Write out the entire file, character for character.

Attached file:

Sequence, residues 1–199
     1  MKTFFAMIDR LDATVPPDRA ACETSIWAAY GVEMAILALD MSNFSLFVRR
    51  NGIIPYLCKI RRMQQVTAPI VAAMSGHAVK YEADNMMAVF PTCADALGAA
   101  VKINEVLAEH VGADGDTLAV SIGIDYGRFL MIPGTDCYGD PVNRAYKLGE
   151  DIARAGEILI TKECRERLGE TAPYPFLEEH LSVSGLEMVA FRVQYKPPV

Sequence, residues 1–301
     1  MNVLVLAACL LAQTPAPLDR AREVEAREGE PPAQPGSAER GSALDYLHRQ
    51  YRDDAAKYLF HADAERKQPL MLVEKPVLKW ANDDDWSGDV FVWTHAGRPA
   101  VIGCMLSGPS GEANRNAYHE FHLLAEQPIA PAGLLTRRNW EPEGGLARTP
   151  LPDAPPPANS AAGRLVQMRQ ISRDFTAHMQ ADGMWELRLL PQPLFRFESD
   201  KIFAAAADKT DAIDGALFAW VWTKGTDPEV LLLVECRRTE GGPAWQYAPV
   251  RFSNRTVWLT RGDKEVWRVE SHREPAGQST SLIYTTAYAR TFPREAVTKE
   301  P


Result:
Sequence, residues 1–199
     1  MKTFFAMIDR LDATVPPDRA ACETSIWAAY GVEMAILALD MSNFSLFVRR
    51  NGIIPYLCKI RRMQQVTAPI VAAMSGHAVK YEADNMMAVF PTCADALGAA
   101  VKINEVLAEH VGADGDTLAV SIGIDYGRFL MIPGTDCYGD PVNRAYKLGE
   151  DIARAGEILI TKECRERLGE TAPYPFLEEH LSVSGLEMVA FRVQYKPPV

Sequence, residues 1–301
     1  MNVLVLAACL LAQTPAPLDR AREVEAREGE PPAQPGSAER GSALDYLHRQ
    51  YRDDAAKYLF HADAERKQPL MLVEKPVLKW ANDDDWSGDV FVWTHAGRPA
   101  VIGCMLSGPS GEANRNAYHE FHLLAEQPIA PAGLLTRRNW EPEGGLARTP
   151  LPDAPPPANS AAGRLVQMRQ ISRDFTAHMQ ADGMWELRLL PQPLFRFESD
   201  KIFAAAADKT DAIDGALFAW VWTKGTDPEV LLLVECRRTE GGPAWQYAPV
   251  RFSNRTVWLT RGDKEVWRVE SHREPAGQST SLIYTTAYAR TFPREAVTKE
   301  P